Primitive Obsession and Feature Envy

In this post I will be talking about some practices that the refactoring.guru website recommends, more specifically, primitive obsession and feature envy.

Primitive Obsession

Signs and Symptoms

  • Use of primitives instead of small objects for simple tasks (such as currency, ranges, special strings for phone numbers, etc.)
  • Use of constants for coding information (such as a constant for referring to users with administrator rights.)
  • Use of string constants as field names for use in data arrays.

Reasons for the Problem

This type smell is born when you use a primitive field to store information, instead of creating a class or object that represents this data. By the time you realize, the class is full of these storing fields and constants. Many people use primitives to simulate other data types or objects. Another example is when you use a big array full of information of different data types and access them in the class through the index.

Treatment

There are several practices you can apply to solve this problem:

Payoff

When applying these practices to solve the smell, we have various advantages:

  • The code becomes more flexible because of object utilization instead of primitives.
  • Code is more organized and the data manipulation is clear without the question of where are all these constants coming from or why are they in an array.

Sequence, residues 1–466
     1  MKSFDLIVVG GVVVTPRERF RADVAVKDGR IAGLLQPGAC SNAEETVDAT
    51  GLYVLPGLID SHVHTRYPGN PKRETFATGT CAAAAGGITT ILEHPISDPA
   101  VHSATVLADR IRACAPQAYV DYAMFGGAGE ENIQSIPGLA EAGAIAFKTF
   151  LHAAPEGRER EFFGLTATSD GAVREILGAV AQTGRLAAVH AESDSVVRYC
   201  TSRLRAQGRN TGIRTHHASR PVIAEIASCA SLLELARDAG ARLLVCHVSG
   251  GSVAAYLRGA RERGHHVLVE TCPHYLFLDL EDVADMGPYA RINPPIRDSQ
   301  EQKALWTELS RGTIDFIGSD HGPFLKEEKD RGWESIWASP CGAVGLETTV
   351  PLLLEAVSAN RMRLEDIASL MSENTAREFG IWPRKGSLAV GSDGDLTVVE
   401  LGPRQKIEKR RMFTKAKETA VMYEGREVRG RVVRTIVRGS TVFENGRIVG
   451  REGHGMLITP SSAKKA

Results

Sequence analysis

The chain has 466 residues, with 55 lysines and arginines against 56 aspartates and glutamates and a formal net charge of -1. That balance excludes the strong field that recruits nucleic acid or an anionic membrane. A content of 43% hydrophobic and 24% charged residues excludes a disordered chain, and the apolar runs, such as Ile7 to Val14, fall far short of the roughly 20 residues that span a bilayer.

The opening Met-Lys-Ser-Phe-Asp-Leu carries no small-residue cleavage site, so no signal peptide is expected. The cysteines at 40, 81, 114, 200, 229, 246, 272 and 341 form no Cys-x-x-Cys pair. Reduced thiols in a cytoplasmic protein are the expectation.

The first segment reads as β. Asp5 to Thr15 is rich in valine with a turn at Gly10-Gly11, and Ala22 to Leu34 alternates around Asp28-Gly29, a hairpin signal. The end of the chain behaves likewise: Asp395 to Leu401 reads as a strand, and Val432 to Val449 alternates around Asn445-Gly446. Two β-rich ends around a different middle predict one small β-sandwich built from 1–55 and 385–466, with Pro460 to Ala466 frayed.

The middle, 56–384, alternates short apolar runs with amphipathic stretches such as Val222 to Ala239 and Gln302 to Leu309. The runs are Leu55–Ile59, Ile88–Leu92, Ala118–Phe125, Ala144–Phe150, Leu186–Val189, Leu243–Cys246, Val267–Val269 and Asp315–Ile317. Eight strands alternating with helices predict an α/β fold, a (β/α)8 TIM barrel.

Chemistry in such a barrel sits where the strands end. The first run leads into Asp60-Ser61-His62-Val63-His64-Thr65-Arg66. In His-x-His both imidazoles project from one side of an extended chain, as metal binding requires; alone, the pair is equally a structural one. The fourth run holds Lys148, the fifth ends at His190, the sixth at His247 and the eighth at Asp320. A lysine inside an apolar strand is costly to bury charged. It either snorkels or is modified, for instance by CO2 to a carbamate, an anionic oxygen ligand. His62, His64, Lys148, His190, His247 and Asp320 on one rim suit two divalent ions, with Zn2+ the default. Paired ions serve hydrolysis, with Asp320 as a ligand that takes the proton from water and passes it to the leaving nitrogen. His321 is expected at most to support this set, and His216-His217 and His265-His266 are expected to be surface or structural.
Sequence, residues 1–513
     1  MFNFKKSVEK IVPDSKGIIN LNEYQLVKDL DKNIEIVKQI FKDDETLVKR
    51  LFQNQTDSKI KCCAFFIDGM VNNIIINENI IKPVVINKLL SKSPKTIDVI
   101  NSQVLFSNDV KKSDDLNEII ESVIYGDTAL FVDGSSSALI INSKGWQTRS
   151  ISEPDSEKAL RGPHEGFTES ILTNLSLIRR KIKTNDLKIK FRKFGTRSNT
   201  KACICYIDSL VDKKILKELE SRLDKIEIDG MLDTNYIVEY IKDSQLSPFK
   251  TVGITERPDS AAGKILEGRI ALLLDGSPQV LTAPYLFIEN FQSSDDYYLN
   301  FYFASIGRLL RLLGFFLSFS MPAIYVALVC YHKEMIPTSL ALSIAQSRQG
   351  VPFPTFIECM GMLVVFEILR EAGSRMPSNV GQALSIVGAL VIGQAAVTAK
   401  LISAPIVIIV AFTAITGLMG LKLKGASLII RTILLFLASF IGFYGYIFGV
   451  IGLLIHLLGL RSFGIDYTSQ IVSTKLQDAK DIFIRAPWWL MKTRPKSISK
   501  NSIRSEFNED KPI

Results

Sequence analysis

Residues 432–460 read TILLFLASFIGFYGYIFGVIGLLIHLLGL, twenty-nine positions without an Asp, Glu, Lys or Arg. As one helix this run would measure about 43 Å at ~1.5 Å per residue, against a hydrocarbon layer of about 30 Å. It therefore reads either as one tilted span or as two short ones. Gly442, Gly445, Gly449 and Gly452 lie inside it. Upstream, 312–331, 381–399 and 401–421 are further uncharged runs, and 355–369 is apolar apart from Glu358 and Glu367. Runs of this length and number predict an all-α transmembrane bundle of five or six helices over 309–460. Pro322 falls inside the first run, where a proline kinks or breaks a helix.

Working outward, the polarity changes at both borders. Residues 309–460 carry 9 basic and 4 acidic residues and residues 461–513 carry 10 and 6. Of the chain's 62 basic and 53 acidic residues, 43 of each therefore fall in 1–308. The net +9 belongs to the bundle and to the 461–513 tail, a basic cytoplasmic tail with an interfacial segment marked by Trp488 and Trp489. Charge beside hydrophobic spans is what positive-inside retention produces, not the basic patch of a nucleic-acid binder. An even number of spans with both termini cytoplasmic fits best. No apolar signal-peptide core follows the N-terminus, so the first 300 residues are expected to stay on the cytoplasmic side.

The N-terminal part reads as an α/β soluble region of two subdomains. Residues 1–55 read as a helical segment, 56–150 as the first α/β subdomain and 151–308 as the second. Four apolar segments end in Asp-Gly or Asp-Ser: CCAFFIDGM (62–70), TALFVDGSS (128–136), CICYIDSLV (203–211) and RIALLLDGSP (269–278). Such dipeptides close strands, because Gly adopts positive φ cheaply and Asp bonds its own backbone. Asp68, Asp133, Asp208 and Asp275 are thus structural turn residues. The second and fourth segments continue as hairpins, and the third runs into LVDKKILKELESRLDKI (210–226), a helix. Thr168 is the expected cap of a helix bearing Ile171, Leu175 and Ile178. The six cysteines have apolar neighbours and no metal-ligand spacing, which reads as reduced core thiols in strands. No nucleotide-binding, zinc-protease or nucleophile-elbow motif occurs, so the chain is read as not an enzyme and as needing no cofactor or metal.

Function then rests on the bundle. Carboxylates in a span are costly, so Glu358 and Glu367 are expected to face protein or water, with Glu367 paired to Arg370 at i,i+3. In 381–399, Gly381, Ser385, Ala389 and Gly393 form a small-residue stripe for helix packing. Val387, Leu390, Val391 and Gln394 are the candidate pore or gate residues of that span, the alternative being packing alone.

• Easier finding of duplicate code.

Feature Envy

Signs and Symptoms

A method accesses the data of another object more than its own data.

Reasons for the Problem

This may happen when you move some fields to a data class. What you would want to do is move the operations with the fields to this data class.

Treatment

A simple rule is: if things change at the same time, you should keep them in the same place. If only part of a method accesses the data of another object, use Extract Method to move the part in question. If a method uses functions from several classes, determine which class has the most data that is being used. Move the method and data to this class, or you can also split the method into several parts that can be placed in different places in different classes.

Payoff

  • Less code duplication.
  • Better code organization.

Software Engineer with a passion for sharing knowledge. Also, sports lover, musician, gamer, and a tremendous food fanatic.